Are empty trucks more dangerous than full ones? It doesn’t seem to make sense. After all, you’d think that trucks transporting tens of thousands of pounds in cargo would be the ones carrying the most risk for other drivers on the roads, not the ones with empty trailers.
But stopping a loaded trailer and an empty trailer are two very different situations. Believe it or not, stopping a fully-loaded trailer is easier to do and is more stable, because an empty trailer is not as well-balanced as a properly loaded truck. A lack of balance and stability, especially at high speeds, can create driving havoc.
Deadheading—Not Following That Sixties Band
Deadheading is the industry term for driving an empty trailer. It’s usually done to get a trailer back to home base where it is urgently needed, and deadheading sometimes happens in a situation where the driver must “turn and burn” (turn around and immediately return). Time is money, and the trucking company may need the empty trailer ASAP so that it can be loaded and put on the road again within hours. However, companies do not especially like to deadhead, because they prefer to carry freight that will pay the expenses of the trailer’s trip. Hauling an empty trailer costs them money.
Nighttime driving, when the driver is less than fresh, can be one problem associated with the need to deadhead. One study done in Western Australia discovered that, if over half of a driver’s on-the-road time occurred between midnight and 6 a.m., they were four times more likely to suffer a crash.
But nighttime fatigue is not the only cause of deadheading accidents. Because deadheading is not done routinely, drivers have less experience handling empty trailers and anticipating their quirks. When an emergency arises, they may not know how to deal with the differences involved in handling an empty trailer. Drivers need special training to operate empty trailers, and they often do not get it.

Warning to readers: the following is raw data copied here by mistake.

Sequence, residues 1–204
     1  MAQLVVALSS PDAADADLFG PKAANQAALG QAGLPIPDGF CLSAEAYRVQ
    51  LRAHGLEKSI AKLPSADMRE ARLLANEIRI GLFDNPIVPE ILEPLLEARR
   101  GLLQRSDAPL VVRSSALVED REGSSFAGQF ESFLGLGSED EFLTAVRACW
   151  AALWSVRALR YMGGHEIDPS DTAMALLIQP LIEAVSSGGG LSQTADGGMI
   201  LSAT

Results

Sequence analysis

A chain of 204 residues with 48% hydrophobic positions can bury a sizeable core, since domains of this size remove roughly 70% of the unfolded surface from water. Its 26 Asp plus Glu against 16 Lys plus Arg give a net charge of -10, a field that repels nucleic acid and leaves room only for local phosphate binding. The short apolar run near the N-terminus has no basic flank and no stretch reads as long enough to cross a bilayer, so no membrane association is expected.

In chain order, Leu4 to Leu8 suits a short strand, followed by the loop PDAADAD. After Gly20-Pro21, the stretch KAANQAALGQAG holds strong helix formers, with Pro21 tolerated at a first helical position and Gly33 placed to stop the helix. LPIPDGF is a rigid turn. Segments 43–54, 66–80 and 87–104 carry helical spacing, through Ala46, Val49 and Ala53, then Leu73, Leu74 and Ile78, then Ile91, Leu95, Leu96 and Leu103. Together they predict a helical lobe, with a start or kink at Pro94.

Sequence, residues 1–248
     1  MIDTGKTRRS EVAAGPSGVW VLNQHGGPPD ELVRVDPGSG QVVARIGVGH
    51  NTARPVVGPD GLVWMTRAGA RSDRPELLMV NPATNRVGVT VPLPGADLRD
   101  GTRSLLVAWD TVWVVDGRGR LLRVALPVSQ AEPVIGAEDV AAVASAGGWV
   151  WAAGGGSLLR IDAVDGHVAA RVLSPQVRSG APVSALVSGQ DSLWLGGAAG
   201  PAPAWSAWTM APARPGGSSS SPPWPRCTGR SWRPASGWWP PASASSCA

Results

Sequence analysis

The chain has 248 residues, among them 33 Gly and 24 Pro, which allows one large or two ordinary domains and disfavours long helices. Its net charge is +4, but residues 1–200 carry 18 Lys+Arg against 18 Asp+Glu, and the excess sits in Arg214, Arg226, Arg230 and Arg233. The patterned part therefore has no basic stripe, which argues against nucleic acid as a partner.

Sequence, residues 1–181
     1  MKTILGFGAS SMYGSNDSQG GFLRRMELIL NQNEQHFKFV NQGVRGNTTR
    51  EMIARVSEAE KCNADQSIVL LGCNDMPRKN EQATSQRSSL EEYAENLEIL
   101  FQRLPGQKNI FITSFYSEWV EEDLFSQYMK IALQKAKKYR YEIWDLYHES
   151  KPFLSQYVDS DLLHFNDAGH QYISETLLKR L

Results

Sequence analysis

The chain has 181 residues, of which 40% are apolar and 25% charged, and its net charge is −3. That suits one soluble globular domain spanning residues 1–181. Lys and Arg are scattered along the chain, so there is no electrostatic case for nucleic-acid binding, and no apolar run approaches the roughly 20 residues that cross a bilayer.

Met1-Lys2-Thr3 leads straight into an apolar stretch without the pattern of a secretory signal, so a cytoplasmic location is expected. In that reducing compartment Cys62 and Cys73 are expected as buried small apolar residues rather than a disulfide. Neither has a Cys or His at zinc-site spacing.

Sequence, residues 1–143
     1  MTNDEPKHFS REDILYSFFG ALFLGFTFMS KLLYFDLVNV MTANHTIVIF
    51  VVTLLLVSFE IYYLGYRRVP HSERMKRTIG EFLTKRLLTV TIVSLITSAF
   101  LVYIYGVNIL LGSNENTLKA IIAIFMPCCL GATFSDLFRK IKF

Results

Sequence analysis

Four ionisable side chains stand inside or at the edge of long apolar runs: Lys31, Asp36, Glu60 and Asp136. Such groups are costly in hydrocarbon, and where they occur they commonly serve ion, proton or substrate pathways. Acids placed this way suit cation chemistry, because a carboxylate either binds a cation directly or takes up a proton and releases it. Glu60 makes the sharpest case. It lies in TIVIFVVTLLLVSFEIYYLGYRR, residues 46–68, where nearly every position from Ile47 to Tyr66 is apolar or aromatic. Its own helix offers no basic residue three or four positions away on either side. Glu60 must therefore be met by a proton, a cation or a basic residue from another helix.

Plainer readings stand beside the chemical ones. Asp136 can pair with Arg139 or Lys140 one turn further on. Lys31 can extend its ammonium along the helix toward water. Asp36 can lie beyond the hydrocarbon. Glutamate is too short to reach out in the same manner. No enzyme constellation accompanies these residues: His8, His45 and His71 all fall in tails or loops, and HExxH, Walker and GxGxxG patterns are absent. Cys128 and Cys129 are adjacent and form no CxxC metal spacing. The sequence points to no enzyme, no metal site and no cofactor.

Other Deadheading Risk Factors
The same study found that an empty trailer is more likely to be a victim of wind, which makes it sway back and forth and increases the chances of an accident due to the trailer’s toppling over. Because stability is compromised more when the trailer is empty, even a mild wind can result in a devastating accident. The more weight in the trailer, the harder it is for winds to push it around.
A truck’s brakes can also impact the handling of an empty trailer. Truck brakes are designed to work when the trailer is fully-loaded, so if the driver slams on his brakes with an empty trailer, the wheels can lock and jackknifing can occur. Experienced drivers may be able to deal with emergency situations, but a new driver, or one who rarely deadheads, is more likely to encounter deadly problems.
When life goes wrong, we fight for what’s right.
Truck accidents can be complex, both because of the large amounts of money that may be involved due to the seriousness of the accident and because of the potential for multiple defendants. It is important to consult with a qualified truck accident lawyer to make sure your rights are protected.
Bert Louthian has been practicing law in Columbia with his father, Herb, since 1985. After receiving his Juris Doctorate from the University of South Carolina, Bert launched his legal career in his father’s firm. With 80 years of legal experience between them, Louthian Law, P.A. remains Family-Owned and Family-Focused.
Bert understands that when life goes wrong – when you or someone you love gets hurt or suffers a loss, it can feel like nothing will ever be right or fair again. He gets up and goes to work every day to prove that feeling wrong – and does everything in his power to make things right again.